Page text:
“Damn.” He stamped his foot, then wagged a finger in her face. “Don’t move. Stay right here.” He hurried away.
Shielding Gloriana from the wind, Taralyn looked toward the gathering dawn. She watched a cargo shuttle touch down upon a landing pad. Across the yard, she saw the superintendent wave his arms and berate a man twice his size.
She wasn’t going to stand there waiting for him to toss her out. Moving along the back of the hangars, she followed a narrow path. Weighted-down newspapers and lunch boxes marked the places where workers took their breaks. Despite the brightness, the platform held impenetrable shadows.
One of the shadows spoke. “I was told you would be alone.”
She jumped and stifled a yelp. “Your information was wrong.”
Someone moved closer. This was their contact. This man could help them.
“You don’t understand,” he said. “There is only room for one.”
Taralyn froze as his words swept over her. Only one? Had they been offered hope only to have it dashed away because there was only room for one? “Well, what do you expect me to do? Leave her behind?”
“What’s wrong with her, anyhow?”
Taralyn swallowed a knot of frustration. “Look, I swear she’ll be no trouble. She’s helpless.”
He paused, then chuckled. “I think you’re both a bit helpless. I like that in a telepath. Stay here. And this time, do as you’re told.”
With a swish of a cloak, the man brushed past her. She peered around the side of the hangar and watched. He strode to the superintendent, spoke to him, then disappeared behind a shuttle.
The superintendent turned to stare at her.
Taralyn shied from his gaze, hating herself even as she retreated. “This adventure is out of control.” She was at their mercy, having to do their bidding, having to say please. Helpless, he’d called her. Well, she didn’t need his help. She could find a way out of the city on her own.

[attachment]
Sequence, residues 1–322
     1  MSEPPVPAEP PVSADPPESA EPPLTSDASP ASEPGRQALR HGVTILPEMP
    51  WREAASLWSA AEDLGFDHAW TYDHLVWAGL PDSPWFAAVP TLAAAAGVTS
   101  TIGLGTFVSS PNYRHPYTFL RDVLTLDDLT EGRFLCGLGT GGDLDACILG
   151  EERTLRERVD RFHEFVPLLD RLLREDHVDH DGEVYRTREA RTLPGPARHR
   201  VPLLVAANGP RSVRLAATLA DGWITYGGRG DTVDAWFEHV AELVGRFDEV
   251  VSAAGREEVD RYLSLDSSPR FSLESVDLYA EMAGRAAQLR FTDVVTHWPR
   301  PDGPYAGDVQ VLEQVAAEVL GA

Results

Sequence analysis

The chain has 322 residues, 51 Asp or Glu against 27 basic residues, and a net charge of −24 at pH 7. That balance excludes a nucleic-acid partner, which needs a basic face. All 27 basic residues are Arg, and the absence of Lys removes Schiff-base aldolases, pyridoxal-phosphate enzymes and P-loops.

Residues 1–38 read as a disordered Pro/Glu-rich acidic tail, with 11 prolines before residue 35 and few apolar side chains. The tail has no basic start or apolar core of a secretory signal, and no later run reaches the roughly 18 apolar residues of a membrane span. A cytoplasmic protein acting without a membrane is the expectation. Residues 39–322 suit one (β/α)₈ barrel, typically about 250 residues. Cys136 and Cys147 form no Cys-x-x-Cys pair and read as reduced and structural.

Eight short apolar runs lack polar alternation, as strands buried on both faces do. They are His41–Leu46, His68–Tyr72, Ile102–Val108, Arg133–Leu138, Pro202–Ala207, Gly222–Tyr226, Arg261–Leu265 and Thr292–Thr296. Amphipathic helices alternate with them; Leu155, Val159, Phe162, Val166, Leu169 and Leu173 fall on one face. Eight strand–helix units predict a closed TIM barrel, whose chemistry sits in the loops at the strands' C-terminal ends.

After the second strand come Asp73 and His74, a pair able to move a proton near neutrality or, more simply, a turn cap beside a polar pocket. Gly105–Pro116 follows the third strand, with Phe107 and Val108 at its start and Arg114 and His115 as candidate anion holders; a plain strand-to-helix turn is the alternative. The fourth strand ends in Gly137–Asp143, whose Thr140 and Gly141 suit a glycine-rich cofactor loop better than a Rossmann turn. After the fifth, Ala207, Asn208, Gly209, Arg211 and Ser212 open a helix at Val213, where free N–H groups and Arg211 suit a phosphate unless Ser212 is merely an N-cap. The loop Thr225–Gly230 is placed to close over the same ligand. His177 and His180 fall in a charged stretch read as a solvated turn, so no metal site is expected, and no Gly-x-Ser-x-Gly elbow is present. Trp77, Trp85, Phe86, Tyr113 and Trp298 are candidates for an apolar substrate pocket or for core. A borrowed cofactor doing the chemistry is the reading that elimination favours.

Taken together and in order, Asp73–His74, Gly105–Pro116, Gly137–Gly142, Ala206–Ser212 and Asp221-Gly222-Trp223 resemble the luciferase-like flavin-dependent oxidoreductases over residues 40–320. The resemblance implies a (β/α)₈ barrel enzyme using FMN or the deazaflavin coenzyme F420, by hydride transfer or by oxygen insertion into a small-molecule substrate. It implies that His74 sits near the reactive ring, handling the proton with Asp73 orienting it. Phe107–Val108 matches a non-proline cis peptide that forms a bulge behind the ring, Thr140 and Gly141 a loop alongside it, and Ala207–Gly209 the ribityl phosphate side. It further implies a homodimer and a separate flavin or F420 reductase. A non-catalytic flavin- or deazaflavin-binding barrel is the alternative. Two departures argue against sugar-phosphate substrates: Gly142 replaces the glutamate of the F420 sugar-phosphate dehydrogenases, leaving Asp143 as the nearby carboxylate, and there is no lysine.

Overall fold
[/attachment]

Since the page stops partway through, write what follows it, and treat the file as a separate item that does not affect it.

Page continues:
Then Gloriana sniffled and snapped her back to reality.
She cupped her hands about her little girl’s small face. “Don’t worry. I trust him.”
The cloaked man emerged behind her. “Time to go.”
Taralyn walked with him across the deck. “The superintendent appeared in awe of you.”
“Should be. I’m a pilot.”
“What did you tell him about me?”
He laughed. “I told him you were my girlfriend, and that we were taking your addled sister for a shuttle ride.”
“You look too young to have a daughter her age.”
“Won’t they wonder about us when we don’t return?”
“Shift change. By the time I get back, everyone here will be gone.” He opened the port hatch of a cargo shuttle. “After you… darling.”
She bit her lower lip. With a protective hand atop Gloriana’s head, she climbed into a cramped cockpit. Cold air hissed from a vent in the ceiling. Lights winked upon the walls. The control panel ran with colorful displays, and graphics reflected in the forward view shield.
“Sit to the right.” He climbed behind the pilot’s console. “And be sure to get that harness over both of you.”
Taralyn crawled to the empty co-pilot’s chair. She sat on one hip and wedged Gloriana next to her before tightening the restraining harness about their shoulders. The girl’s emaciated body felt like bones.
“Ever been in space?” he asked.
“No.” Her voice sounded weaker than she would have liked.
“You eat recently?”
She shook her head.
He grinned. “Good.”
She watched him touch a series of glide points upon the panel. A vague rumble sounded behind them.
“Computer, I need clearance for flight path one-oh-five-seven.”
“Specified path has been logged and cleared.”
“Initiating.” He pulled back on the thrust bar and eased the shuttle off the platform.
Taralyn gripped the safety harness as she stared out the view shield. The platform lights fell behind them. In the darkness, LASP glittered like mounds of multicolored jewels.